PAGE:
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Panel on prison reform recommends some sentences be served at home

In findings presented to justice minister, inter-ministerial team suggests ‘community custody’ for shorter sentences, increasing rehabilitation programs for prisoners

Illustrative: The Israeli Prison Authorities, Gilboa Prison, February 28, 2013. (Moshe Shai/FLASH90/File)
Illustrative: The Israeli Prison Authorities, Gilboa Prison, February 28, 2013. (Moshe Shai/FLASH90/File)

An inter-ministerial panel tasked with finding alternative forms of correction other than keeping offenders in prison, as part of a reform to the incarceration system, presented its findings Sunday to Justice Minister Gideon Sa’ar.

Among other recommendations, the panel suggested introducing so-called “community custody” that would see some offenders serve out their time confined mostly to their homes, with electronic means used to ensure they stay indoors.

Home incarceration would be used in some cases instead of prison sentences of up to about a year. Offenders would be required to participate in rehabilitation programs, community service, or even regular work, if approved by the court.

Deputy Attorney General Amit Marari, who led the panel, said in a statement that he hopes the report will enable the government “to pave the way for the creation of more appropriate and tailored solutions for the rehabilitation and integration of defendants in society.”

Such a process is a “national interest,” he said.

The inter-ministerial panel also recommended improving communication between the various bodies that provide rehabilitation treatment. It called for advancing a pilot program to establish forums inside prisons tasked with preparing inmates for their release to better enable them to rejoin society. It also proposed expanding the use of transit sites, which employ a more flexible incarceration format, prior to the release of prisoners, alongside the expansion of hostels for those on parole.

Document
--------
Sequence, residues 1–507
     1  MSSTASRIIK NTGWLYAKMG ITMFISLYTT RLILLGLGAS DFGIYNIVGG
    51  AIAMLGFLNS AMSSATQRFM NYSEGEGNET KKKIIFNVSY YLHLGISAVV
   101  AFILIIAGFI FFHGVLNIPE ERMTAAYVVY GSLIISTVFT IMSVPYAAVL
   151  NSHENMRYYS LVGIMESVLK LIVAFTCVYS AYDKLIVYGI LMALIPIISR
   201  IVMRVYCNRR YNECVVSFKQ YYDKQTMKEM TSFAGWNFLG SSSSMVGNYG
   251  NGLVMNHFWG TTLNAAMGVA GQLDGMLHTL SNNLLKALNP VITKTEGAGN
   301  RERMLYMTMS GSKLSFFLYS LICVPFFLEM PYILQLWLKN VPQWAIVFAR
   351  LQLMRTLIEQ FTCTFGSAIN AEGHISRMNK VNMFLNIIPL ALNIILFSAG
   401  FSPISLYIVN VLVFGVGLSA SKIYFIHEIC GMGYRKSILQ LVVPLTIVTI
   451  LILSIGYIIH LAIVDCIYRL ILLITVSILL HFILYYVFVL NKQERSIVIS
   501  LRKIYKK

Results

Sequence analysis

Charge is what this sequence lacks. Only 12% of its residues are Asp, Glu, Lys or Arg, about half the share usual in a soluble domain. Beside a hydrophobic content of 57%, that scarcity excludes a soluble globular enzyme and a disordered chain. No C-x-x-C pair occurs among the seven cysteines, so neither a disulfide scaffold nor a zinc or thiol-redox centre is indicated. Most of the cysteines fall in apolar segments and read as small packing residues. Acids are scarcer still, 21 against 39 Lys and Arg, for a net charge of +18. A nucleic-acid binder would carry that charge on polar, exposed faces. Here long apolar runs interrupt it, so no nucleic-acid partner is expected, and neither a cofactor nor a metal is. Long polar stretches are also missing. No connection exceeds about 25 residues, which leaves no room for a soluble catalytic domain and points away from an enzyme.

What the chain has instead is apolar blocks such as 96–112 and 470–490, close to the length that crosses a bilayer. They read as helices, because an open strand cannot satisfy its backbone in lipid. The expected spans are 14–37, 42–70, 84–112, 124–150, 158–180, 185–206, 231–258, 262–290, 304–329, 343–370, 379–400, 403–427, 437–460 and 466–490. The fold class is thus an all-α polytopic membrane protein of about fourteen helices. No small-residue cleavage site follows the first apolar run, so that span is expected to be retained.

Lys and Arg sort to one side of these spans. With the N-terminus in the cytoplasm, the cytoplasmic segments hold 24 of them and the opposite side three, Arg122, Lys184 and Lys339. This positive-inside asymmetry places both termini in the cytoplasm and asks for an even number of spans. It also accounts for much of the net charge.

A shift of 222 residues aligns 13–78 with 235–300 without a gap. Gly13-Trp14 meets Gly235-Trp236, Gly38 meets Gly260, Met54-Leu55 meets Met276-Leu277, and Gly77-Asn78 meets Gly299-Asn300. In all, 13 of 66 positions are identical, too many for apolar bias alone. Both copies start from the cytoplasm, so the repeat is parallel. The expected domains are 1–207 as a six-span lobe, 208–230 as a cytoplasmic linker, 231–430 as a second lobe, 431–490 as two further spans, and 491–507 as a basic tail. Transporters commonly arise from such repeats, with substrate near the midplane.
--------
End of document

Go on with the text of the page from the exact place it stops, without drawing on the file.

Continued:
The panel backed advancing restorative justice programs that focus on making offenders aware of the harm caused by a crime and taking responsibility for it, sometimes by way of meetings between offenders and their victims.

It also called for finding alternatives to jail, after indictments are filed, for those with disabilities, personality and behavior disorders, or those contending with other mental health issues, as those defendants do not fit into existing frameworks.

The panel was formed in 2016, as part of a process to implement the recommendations of a committee on punishment policy chaired by retired Supreme Court justice Dalia Dorner, and, paradoxically, set up in the wake of public complaints that sentencing was too light.

After four years of work, the Dorner Committee concluded in 2015 that harsh prison sentences not only failed to deter criminals, but actually increased recidivism, and found that rehabilitation outside of prison was cheaper and more effective.

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